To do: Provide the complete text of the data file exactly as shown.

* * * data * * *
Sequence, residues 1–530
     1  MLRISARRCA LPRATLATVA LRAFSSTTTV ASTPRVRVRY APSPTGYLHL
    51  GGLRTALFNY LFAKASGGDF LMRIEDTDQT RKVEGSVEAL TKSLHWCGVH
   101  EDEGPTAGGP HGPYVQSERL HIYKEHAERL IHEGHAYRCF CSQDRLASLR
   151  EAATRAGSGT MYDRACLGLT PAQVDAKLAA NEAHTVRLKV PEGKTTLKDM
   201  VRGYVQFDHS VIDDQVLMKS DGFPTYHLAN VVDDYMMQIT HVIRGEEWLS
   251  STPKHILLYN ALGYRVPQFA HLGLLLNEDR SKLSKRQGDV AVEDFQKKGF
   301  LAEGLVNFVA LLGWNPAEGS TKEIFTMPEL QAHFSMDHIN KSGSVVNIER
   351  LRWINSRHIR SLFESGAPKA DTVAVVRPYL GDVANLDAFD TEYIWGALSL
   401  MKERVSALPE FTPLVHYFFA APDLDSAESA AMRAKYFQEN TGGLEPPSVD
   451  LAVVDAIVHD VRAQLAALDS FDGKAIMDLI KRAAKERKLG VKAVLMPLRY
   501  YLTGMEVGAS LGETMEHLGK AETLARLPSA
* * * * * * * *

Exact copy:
Sequence, residues 1–530
     1  MLRISARRCA LPRATLATVA LRAFSSTTTV ASTPRVRVRY APSPTGYLHL
    51  GGLRTALFNY LFAKASGGDF LMRIEDTDQT RKVEGSVEAL TKSLHWCGVH
   101  EDEGPTAGGP HGPYVQSERL HIYKEHAERL IHEGHAYRCF CSQDRLASLR
   151  EAATRAGSGT MYDRACLGLT PAQVDAKLAA NEAHTVRLKV PEGKTTLKDM
   201  VRGYVQFDHS VIDDQVLMKS DGFPTYHLAN VVDDYMMQIT HVIRGEEWLS
   251  STPKHILLYN ALGYRVPQFA HLGLLLNEDR SKLSKRQGDV AVEDFQKKGF
   301  LAEGLVNFVA LLGWNPAEGS TKEIFTMPEL QAHFSMDHIN KSGSVVNIER
   351  LRWINSRHIR SLFESGAPKA DTVAVVRPYL GDVANLDAFD TEYIWGALSL
   401  MKERVSALPE FTPLVHYFFA APDLDSAESA AMRAKYFQEN TGGLEPPSVD
   451  LAVVDAIVHD VRAQLAALDS FDGKAIMDLI KRAAKERKLG VKAVLMPLRY
   501  YLTGMEVGAS LGETMEHLGK AETLARLPSA